STAMFORD, Conn.--(BUSINESS WIRE)--Land & Buildings Investment Management, LLC (together with its affiliates, "Land & Buildings") issued the following statement responding to the November 2, 2017 press release from Hudson’s Bay Company (TSX: HBC) (“Hudson’s Bay”, “HBC” or the "Company”):
“In regards to Hudson’s Bay’s comments today, many of which were highly perplexing, we would ask our fellow Hudson’s Bay shareholders to consider the following points:
The market’s reaction speaks for itself – Since the
announcement on October 24, 2017 of the Company’s dilutive share
issuance and accompanying transactions, HBC’s share price declined by
4% prior to yesterday, likely in part to what appears to be inferior
market terms of the convertible security, including paid in kind
dividends, anti-dilution provisions, board representation, no premium
conversion price and issuance at 35% of the Company’s stated net asset
Following news reports yesterday that Signa had made an offer to purchase Hudson’s Bay’s German business above what HBC paid for it, the share price rallied 9%. HBC’s press release claims that the dilutive share issuance and accompanying transactions were in the “best interests of the Company and its stakeholders,” while implying from its boilerplate response that the Signa offer is not. Investors are “stakeholders,” and the market’s reactions appear to disagree.
HBC’s comments around the financing of the Signa offer are
perplexing – Hudson’s Bay stated yesterday and again today that
the Signa offer had “no evidence of financing”. Signa reportedly would
not need any third-party financing as its proposal included €1.7
billion in cash, with €1 billion already in hand and the additional
$700 million already approved from European banks. Reportedly, Signa
also offered to assume all of Kaufhof’s outstanding debt.
We are unclear what additional evidence HBC would expect at this stage regarding Signa’s ability to finance the transaction – anything further would be unusual for an initial offer.
We are asking that the dilutive share issuance be publicly voted on
by shareholders – Land & Buildings believes a majority of the
non-insider shareholders should have a chance to vote on the material
and dilutive Rhône transaction, and should have the full information
around the transaction in advance of voting, for several reasons:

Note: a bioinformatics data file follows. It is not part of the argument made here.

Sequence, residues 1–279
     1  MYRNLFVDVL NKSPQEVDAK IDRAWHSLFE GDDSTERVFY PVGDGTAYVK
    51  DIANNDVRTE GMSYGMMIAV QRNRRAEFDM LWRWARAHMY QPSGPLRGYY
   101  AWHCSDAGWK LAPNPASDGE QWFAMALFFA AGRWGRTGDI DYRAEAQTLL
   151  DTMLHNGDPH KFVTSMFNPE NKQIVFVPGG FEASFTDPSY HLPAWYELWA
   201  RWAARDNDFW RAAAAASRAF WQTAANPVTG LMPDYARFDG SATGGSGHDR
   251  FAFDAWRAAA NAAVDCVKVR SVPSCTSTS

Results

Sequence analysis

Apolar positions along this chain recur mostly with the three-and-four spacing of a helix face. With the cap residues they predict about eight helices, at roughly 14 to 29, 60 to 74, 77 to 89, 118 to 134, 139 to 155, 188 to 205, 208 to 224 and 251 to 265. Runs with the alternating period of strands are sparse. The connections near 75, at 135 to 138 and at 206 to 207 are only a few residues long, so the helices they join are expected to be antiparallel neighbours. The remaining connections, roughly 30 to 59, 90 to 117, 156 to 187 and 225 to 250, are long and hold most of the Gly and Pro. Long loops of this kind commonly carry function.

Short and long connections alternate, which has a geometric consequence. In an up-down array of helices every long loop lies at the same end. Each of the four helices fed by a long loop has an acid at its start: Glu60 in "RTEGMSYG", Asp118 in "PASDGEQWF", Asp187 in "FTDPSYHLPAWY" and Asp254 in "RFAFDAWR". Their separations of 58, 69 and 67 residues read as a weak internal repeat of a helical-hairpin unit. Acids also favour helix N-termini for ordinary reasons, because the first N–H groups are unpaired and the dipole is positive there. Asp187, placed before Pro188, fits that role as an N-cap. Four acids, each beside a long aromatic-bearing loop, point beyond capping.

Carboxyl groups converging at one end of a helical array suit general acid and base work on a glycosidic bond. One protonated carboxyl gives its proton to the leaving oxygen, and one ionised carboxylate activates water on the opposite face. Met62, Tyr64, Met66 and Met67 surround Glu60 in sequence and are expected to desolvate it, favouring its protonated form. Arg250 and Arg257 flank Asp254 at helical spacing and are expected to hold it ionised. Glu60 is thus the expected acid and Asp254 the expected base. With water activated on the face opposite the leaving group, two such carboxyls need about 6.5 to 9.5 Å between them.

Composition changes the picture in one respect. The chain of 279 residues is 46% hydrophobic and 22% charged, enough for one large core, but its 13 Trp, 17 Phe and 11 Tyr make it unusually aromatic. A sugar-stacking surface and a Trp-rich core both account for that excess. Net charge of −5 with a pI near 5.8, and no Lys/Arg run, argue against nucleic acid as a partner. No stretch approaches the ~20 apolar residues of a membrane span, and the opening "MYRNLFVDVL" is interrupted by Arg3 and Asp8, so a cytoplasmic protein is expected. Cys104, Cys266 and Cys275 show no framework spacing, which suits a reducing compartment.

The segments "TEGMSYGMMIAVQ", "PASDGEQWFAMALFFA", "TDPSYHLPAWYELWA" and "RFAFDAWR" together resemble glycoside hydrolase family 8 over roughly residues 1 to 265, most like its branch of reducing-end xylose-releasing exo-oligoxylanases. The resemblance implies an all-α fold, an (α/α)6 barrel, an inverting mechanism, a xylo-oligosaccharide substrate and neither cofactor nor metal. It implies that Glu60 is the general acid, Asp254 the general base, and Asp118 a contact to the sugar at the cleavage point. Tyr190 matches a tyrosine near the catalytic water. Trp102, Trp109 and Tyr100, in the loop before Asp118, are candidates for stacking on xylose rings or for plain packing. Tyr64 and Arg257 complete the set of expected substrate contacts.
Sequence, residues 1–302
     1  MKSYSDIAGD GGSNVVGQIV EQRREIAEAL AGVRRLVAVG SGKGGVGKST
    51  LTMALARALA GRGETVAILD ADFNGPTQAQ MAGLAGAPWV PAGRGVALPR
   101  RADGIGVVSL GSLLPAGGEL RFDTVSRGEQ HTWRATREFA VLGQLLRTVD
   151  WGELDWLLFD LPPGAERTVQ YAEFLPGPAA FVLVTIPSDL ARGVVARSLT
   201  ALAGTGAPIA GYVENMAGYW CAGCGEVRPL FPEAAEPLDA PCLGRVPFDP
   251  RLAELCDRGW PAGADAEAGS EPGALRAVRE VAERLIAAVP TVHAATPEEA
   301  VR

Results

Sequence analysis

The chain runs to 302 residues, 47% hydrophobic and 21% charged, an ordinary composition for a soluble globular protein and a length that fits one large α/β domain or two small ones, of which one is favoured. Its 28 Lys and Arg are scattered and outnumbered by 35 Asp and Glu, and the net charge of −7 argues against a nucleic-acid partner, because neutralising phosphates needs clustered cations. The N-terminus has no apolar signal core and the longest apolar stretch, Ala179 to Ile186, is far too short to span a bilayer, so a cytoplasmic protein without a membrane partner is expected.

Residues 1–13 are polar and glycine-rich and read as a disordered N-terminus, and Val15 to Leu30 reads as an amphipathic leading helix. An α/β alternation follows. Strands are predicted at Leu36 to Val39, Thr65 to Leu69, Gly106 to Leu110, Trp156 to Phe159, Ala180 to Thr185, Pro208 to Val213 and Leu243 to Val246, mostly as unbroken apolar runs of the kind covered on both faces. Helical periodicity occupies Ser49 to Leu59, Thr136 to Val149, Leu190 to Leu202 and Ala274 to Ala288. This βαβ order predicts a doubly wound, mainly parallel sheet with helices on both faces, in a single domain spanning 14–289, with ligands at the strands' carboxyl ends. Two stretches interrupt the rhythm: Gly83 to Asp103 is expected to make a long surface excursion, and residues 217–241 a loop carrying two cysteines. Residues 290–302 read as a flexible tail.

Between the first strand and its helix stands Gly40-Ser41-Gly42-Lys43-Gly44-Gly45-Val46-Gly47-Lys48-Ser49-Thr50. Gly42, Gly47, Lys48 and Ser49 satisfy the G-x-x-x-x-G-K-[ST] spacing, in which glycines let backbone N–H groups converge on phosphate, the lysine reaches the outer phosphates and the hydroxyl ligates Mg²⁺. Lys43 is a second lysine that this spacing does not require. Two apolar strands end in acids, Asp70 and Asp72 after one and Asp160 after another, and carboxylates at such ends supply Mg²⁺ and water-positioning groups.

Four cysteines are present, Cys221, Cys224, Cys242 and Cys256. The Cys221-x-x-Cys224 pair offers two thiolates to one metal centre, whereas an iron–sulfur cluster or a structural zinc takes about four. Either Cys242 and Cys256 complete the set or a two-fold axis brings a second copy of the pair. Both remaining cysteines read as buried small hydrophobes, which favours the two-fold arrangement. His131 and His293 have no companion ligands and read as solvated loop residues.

- Conflicted shareholders – It is clear that the shareholders who have purportedly approved the transaction have a special interest in the deal: these supporting shareholders have rights to representation on the Board and Rhône has agreed to support the Board’s choice of future nominee directors.
- Conflicted directors – L&T B (Cayman) Inc. (L&T) has de facto control of the Board. The HBC Board approved a transaction that was designed to require Rhône to continue to support L&T’s control of HBC’s Board.
- Entrenchment – The Board has engineered the Rhône transaction such that existing insider shareholders, who have the right to board representation amongst other things, have contractually agreed to support the transaction, which will act to entrench future nominees of the Board. The Board already has support agreements from insiders: L&T and Hanover Investments (Luxembourg) S.A. With the Rhône transaction, the Board has effectively disenfranchised all other shareholders.
- Common Share Prejudice – The Rhône transaction effectively transfers meaningful and practical control of the Company into a class of Preferred Shares that over time functionally outstrip Common Shareholders of their equity. A vote of Common Shareholders (without insider, or more particularly L&T, participation) is necessary to fairly assess whether this new investment is truly in the interests of Common Shareholders.
We look forward to Hudson’s Bay addressing these points and questions in a clear and factual manner, and look forward to continuing to advocate for the rights of all HBC shareholders.”